Murdoch finally breaks his silence to condemn 'deplorable' behaviour
RUPERT Murdoch broke his silence yesterday to condemn the "deplorable and unacceptable" phone hacking and alleged payments to police officers at the 'News of the World'.
The media mogul intervened following intense criticism of the internal investigation into the scandal and amid growing calls for Rebekah Brooks, the chief executive of News International, to resign.
Mr Murdoch, the chairman of News Corporation, said he had appointed Joel Klein, a former aide to Bill Clinton, to oversee the company's inquiry.
Lord Macdonald, the former Director of Public Prosecutions, has also been retained by News International to examine the allegations that payments were made to police officers.
In an unusual public statement, Mr Murdoch said: "Recent allegations of phone hacking and making payments to police with respect to the 'News of the World' are deplorable and unacceptable."
Giving what City observers described as muted support for Ms Brooks, he added: "I have made clear that our company must fully and proactively co-operate with the police in all investigations and that is exactly what News International has been doing and will continue to do under Rebekah Brooks's leadership.
"We are committed to addressing these issues fully and have taken a number of important steps to prevent them from happening again."
At least seven major companies announced they would be withdrawing their advertisements from the tabloid newspaper yesterday.
The scandal also prompted a sharp fall in the News Corporation share price in New York.
British Prime Minister David Cameron said he would order an independent inquiry into media ethics once the police investigation had concluded. He also indicated that the initial police handling of the case would be the subject of a separate inquiry.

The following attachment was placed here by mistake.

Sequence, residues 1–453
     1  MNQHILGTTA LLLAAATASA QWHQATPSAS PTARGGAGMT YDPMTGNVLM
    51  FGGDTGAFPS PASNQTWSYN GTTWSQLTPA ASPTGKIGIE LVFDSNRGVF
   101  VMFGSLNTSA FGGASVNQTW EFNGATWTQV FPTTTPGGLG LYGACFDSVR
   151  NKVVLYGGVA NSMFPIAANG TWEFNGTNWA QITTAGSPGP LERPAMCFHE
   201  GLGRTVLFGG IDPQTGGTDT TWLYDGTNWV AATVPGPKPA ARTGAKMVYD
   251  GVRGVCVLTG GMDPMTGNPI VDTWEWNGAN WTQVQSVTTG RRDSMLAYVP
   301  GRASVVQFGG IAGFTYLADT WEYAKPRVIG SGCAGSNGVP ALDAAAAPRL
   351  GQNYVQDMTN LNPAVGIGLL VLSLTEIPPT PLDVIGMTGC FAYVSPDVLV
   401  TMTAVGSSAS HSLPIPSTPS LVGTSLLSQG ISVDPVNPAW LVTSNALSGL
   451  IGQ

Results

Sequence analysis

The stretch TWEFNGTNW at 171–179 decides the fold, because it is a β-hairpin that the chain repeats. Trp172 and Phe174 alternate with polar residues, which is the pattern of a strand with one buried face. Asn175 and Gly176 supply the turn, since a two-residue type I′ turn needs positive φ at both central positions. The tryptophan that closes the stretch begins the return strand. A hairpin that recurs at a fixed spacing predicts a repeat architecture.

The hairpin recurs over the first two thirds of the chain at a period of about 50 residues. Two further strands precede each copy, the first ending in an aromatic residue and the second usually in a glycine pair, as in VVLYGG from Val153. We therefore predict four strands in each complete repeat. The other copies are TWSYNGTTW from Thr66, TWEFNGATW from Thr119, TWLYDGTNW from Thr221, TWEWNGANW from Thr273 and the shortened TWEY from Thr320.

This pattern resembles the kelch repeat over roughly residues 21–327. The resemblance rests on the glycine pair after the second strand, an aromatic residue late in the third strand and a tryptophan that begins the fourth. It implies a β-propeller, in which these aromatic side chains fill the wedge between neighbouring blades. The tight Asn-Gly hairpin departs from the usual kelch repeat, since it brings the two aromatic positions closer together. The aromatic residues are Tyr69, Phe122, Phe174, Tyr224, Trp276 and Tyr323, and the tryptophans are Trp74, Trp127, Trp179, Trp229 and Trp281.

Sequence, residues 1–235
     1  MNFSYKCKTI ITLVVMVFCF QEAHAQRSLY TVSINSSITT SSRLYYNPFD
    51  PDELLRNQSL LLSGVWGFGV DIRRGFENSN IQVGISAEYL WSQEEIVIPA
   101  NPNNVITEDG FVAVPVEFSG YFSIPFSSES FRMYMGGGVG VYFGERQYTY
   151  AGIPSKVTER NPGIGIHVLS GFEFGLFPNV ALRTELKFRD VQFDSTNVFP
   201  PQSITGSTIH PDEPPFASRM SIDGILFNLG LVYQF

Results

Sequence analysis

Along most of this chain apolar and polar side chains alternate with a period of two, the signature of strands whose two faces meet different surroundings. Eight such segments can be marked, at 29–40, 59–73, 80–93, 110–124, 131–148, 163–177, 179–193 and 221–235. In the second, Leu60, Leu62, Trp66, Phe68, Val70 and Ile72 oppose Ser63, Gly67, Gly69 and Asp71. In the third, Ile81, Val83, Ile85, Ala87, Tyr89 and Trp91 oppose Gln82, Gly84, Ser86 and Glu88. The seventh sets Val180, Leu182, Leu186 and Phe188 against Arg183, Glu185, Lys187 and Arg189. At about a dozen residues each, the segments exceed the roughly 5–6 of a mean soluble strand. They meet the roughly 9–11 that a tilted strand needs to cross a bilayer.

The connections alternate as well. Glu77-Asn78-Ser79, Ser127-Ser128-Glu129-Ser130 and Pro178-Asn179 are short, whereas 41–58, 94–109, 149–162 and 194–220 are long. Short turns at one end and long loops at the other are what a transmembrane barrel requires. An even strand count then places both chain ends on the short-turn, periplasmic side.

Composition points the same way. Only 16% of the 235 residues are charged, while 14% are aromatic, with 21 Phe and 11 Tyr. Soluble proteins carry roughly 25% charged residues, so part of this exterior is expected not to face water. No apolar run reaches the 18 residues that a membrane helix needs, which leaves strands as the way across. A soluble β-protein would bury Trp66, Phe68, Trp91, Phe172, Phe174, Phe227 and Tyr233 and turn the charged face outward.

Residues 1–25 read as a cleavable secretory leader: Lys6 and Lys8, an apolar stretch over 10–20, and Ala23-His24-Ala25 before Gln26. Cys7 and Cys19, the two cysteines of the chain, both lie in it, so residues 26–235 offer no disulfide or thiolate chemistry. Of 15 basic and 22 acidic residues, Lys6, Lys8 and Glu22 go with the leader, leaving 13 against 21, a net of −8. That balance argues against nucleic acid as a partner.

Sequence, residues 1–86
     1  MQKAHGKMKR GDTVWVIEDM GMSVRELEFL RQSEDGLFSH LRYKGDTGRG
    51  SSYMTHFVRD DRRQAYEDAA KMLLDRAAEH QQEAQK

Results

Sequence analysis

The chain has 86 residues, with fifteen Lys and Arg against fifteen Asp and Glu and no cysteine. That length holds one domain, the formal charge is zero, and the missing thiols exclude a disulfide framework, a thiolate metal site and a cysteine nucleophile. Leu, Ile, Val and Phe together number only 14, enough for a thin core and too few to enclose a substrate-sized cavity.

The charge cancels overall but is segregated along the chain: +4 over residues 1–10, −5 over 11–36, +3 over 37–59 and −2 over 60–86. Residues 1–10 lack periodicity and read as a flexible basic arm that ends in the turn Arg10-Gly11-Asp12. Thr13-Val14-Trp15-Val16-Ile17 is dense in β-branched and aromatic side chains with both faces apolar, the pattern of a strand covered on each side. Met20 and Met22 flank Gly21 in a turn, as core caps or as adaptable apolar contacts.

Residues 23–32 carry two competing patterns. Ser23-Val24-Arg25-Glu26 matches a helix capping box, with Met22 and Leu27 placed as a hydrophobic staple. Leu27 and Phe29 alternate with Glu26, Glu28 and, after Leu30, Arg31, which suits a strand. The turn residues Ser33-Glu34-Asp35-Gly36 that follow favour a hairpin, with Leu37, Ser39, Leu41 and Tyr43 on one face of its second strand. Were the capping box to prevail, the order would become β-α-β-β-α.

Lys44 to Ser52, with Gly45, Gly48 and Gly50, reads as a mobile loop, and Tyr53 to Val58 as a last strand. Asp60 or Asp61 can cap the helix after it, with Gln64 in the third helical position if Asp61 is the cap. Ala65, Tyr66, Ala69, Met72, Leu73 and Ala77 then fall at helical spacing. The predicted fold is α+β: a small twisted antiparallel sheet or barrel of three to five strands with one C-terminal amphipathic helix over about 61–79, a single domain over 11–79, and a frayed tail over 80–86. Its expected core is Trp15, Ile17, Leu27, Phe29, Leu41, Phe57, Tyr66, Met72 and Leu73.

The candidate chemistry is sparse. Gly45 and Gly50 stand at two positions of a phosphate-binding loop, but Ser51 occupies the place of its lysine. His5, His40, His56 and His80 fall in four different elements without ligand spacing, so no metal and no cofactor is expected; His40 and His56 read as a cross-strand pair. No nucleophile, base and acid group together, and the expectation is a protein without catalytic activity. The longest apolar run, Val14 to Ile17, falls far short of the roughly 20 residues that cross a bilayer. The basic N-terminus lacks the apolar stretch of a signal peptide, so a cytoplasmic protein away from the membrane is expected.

Disclosing that the police investigation into phone hacking was now one of the biggest in the country, Mr Cameron said: "I do think it's important that we have inquiries, inquiries that are public, inquiries that are independent and inquiries that have public confidence.
"It seems to me there are two vital issues we need to look into. The first is the original police inquiry and why that didn't get to the bottom of what happened, and the second is about the behaviour of individual people and individual media organisations and ... a wider look into media practices and ethics."
Mr Cameron insisted that the government was legally powerless to block News Corporation's takeover of BSkyB as a result of the 'News of the World' scandal.
However, there was a theoretical possibility that Ofcom, the regulator, could withdraw the broadcasting licence from Sky on the basis that its owner was not a "fit and proper" person.
Ed Miliband, the Labour leader, demanded that the takeover be delayed until the police inquiry had concluded. He also said that Ms Brooks should "consider her position".
MPs spent three hours in an emergency debate on the scandal yesterday which heard extensive criticism of the media and the Metropolitan Police from politicians from all parties.
News International said that it welcomed a public inquiry. Further arrests were expected at the company in the coming weeks.
Senior Liberal Democrats pressed Mr Cameron and Culture Secretary Jeremy Hunt to limit the damage to the government by derailing News Corporation's bid to buy the 61pc of BSkyB it does not already own. A source said: "We are looking for a way out on the takeover. But it isn't easy to find one. (© Daily Telegraph, London)